Jesse Owens stood up to the Nazis, to racism and to poverty. At every turn, he faced adversity. But through it all, Cleveland's most famous Olympian just kept running.
As Owens, portrayed by actor Stephan James, says in the new biopic Race, "For those 10 seconds, you are completely free."
So it's only appropriate that James' favorite moment in the film, which had a nationwide theatrical release Feb. 19, comes as Owens shuts out distractions. After traveling to Berlin to compete in the 1936 Olympics, Owens enters the stadium to cheers from hundreds of thousands of fans.
"It's just an epic, epic moment," says James. "The camera never cuts, and you see Jesse walking into the stadium for the first time, a million emotions on his face."
After taking it in, Owens sits quietly on a bench. He unpacks his running shoes. He is there to race. The rest can wait.
Owens went on to win four gold medals, humiliating the Nazis intent on championing only Aryan "excellence."
James contrasts Owens with another pioneering African-American — civil rights activist and Georgia congressman John Lewis, who James portrayed in 2014's Selma.
"John Lewis was more of a conscious effort in the middle of the civil rights movement to establish a change and get voting rights," says James. "Whereas, I feel like Jesse, I don't know if he really understood the effect or how what he did would change the world forever, that he would break down so many barriers through his love for running."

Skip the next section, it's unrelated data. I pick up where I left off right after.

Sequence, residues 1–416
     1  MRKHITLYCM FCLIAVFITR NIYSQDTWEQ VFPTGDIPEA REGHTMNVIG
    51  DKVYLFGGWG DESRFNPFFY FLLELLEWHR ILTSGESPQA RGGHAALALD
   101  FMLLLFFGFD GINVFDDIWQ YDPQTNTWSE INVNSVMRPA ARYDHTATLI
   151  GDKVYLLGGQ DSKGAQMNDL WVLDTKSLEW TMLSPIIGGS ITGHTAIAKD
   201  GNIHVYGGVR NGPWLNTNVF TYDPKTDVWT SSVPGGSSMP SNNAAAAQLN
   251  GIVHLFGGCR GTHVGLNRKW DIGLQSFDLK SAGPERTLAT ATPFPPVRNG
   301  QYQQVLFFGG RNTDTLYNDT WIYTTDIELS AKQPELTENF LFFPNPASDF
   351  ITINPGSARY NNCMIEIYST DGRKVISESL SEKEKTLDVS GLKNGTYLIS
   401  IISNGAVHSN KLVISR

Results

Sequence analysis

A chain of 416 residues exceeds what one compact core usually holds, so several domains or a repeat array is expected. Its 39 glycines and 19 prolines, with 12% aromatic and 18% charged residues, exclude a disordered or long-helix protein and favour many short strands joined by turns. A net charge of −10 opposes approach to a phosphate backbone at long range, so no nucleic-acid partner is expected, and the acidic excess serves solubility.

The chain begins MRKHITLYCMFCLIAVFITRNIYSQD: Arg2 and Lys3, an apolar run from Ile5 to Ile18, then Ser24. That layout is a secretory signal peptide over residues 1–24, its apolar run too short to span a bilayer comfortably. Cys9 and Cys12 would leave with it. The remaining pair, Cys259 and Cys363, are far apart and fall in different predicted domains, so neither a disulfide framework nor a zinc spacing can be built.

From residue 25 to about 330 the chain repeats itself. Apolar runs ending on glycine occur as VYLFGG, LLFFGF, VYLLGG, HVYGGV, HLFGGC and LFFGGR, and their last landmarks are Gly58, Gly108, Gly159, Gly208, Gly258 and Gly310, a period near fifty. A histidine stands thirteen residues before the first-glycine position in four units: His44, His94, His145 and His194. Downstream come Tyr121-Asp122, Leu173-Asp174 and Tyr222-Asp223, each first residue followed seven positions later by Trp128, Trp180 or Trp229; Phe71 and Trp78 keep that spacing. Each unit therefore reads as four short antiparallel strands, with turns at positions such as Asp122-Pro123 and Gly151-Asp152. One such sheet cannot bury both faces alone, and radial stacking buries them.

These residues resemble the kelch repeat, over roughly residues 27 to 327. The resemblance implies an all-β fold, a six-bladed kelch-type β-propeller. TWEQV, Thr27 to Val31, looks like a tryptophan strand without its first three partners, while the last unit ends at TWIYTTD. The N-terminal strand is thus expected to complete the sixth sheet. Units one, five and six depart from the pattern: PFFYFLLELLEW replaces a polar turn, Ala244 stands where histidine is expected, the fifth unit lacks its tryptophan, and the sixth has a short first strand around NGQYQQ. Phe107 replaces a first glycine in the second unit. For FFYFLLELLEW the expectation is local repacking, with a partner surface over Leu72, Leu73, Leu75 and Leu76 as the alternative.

Preserving that message was important to the Owens family. Two of Owens' daughters, Beverly Owens Prather and Marlene Owens Rankin, were involved in writing the film with the final sign-off on the script. They also met with James.
"It's emotional to sit there and see what [my father] went through," says Owens Prather. "It makes you even prouder to see how he handled it. It's really a moving thing."
Even as the film strives for historical accuracy — parts were filmed at the Olympiastadion in Germany, which was built for the 1936 games — its themes ring true today.
"The way Jesse was able to block out certain things and hone in on what was important to him, delete all the other distractions from his life, that's something I've taken into my acting life and my personal life," James says. "There's a tremendous amount of respect I have for him, and to be able to have the opportunity to have other people learn about him is incredible."